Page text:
I have an [itex](m \times n)[/itex] complex matrix, [itex]\textbf{N}[/itex], whose elements are zero-mean random variables. I have a sort of covariance expression:(adsbygoogle = window.adsbygoogle || []).push({});

[itex]\mathcal{E}\left\{\textbf{N}\textbf{N}^H\right\} = \textbf{I}[/itex]

where [itex]\mathcal{E}\left\{\right\}[/itex] denotes expectation, [itex]\{\}^H[/itex] is conjugate transpose and [itex]\textbf{I}[/itex] is the identity matrix.

Basically, I want to know exactly what this tells me about the second order statistics of the elements of [itex]\textbf{N}[/itex]. For example, I know that if instead I just had an [itex](m \times 1)[/itex] vector, [itex]\textbf{n}[/itex], then an identity covariance matrix would imply that all the elements of [itex]\textbf{n}[/itex] have unit variance and are uncorrelated.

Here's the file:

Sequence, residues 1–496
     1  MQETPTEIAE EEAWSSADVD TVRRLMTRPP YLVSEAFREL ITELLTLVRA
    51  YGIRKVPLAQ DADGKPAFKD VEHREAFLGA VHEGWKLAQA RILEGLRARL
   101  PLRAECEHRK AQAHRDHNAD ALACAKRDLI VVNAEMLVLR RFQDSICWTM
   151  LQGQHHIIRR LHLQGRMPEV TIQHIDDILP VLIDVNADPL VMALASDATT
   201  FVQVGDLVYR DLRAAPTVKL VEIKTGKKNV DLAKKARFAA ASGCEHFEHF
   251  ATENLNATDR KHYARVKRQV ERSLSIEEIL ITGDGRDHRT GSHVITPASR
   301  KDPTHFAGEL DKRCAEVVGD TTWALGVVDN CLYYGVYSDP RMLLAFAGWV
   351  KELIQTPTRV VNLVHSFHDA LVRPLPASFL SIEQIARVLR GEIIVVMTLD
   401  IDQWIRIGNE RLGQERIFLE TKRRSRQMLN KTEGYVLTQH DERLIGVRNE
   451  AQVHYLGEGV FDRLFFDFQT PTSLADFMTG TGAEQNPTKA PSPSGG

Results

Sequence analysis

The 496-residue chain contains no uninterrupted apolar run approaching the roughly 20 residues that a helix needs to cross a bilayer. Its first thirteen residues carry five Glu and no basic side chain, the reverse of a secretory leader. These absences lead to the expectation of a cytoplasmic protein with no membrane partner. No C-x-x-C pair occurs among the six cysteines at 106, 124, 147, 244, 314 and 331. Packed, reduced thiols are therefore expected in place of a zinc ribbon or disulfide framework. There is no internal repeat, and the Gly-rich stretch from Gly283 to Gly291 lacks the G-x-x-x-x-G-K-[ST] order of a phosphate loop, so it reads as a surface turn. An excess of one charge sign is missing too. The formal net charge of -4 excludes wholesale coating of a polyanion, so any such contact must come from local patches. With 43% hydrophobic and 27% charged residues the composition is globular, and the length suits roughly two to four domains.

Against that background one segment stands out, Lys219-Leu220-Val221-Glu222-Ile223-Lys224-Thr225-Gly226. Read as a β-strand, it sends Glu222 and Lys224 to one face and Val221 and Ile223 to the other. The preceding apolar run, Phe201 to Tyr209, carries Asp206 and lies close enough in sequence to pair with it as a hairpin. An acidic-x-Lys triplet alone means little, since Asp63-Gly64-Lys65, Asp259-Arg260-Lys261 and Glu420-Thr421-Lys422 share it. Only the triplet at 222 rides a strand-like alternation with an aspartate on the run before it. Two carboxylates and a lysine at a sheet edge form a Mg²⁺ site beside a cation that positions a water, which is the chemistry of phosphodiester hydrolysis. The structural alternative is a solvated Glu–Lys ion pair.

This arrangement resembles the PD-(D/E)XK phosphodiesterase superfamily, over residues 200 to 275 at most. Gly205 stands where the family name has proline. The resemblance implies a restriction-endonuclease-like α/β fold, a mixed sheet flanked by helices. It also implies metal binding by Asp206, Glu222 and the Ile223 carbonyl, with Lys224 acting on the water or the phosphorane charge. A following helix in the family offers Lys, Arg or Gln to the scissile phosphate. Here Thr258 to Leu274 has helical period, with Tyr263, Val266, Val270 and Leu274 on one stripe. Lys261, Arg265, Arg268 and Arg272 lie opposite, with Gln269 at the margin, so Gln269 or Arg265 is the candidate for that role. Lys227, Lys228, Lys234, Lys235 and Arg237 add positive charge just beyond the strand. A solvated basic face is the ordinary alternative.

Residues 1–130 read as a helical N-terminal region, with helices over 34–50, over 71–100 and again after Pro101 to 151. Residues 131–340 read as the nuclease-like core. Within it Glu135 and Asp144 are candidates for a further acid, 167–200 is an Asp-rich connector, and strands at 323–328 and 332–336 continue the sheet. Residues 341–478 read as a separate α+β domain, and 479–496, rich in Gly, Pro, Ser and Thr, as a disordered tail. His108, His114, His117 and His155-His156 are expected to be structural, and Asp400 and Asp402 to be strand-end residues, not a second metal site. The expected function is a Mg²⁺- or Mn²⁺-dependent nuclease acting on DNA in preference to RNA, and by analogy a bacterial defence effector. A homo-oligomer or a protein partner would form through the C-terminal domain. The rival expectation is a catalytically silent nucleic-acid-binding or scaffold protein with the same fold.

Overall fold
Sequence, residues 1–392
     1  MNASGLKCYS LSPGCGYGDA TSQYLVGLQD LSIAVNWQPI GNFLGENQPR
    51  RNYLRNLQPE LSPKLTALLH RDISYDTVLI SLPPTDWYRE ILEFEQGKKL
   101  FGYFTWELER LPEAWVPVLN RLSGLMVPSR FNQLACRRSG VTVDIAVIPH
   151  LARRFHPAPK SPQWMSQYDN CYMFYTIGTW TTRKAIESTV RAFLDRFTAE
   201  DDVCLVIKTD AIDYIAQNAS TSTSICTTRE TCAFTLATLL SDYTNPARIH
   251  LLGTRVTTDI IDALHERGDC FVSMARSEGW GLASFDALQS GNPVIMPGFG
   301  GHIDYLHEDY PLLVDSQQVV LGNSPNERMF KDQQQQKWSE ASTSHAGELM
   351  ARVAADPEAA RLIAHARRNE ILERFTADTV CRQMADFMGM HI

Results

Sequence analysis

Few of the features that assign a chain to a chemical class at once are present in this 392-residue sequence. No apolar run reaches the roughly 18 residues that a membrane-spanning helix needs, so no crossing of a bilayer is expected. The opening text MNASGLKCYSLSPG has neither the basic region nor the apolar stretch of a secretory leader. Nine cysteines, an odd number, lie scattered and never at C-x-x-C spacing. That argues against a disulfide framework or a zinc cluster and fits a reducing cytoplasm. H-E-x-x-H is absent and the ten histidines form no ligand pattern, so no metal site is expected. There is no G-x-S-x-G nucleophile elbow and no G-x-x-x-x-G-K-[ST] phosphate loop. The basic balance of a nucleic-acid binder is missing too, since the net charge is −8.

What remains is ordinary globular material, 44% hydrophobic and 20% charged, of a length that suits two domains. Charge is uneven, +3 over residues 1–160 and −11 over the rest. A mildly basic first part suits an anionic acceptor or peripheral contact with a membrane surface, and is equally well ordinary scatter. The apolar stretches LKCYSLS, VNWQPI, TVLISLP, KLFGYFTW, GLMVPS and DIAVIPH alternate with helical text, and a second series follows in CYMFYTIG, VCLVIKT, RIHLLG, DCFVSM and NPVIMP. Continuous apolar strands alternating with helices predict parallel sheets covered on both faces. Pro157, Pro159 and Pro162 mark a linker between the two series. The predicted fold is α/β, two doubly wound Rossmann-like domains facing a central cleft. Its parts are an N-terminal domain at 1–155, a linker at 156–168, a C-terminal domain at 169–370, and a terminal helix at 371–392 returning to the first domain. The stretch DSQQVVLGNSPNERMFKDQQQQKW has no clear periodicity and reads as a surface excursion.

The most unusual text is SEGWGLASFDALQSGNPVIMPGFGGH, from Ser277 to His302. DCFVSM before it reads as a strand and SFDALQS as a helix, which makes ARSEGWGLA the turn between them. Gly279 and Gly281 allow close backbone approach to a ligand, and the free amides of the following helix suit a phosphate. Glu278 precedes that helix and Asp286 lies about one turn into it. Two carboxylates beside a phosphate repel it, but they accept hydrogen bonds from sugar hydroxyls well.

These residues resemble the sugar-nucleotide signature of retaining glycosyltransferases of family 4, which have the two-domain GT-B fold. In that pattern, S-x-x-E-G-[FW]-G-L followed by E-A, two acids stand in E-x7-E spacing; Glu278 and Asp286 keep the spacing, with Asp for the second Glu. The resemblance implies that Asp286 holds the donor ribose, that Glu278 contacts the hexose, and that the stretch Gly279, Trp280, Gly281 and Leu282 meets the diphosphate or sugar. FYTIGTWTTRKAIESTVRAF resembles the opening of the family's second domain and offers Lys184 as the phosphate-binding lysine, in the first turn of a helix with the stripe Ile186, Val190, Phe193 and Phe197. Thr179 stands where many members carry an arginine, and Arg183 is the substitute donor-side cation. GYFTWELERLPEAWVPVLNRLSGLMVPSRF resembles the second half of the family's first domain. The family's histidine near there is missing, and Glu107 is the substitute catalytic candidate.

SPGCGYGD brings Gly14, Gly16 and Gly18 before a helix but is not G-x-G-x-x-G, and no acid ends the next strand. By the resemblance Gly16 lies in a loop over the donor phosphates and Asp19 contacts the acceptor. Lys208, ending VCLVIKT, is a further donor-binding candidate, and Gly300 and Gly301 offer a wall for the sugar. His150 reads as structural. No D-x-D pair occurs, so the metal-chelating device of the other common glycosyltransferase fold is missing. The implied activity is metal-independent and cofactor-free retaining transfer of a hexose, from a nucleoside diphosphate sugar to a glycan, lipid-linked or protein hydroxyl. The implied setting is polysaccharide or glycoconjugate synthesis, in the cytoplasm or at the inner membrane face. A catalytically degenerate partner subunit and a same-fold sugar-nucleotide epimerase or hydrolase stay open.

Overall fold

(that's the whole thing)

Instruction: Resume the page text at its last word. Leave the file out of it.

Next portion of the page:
Can I make any similar deductions from the matrix equation, above? Many thanks for any help!

**Physics Forums - The Fusion of Science and Community**

Join Physics Forums Today!

The friendliest, high quality science and math community on the planet! Everyone who loves science is here!

The friendliest, high quality science and math community on the planet! Everyone who loves science is here!

# Covariance matrix of 2 matrices?

Loading...

Similar Threads - Covariance matrix matrices | Date |
---|---|

A Covariance matrix for transformed variables | Sep 30, 2016 |

I Covariance in fitting function | Jun 12, 2016 |

Covariance matrix with asymmetric uncertainties | Oct 20, 2015 |

Valid Covariance Matrices | Nov 30, 2014 |

Covariance matrix does not always exist? | Dec 13, 2013 |

**Physics Forums - The Fusion of Science and Community**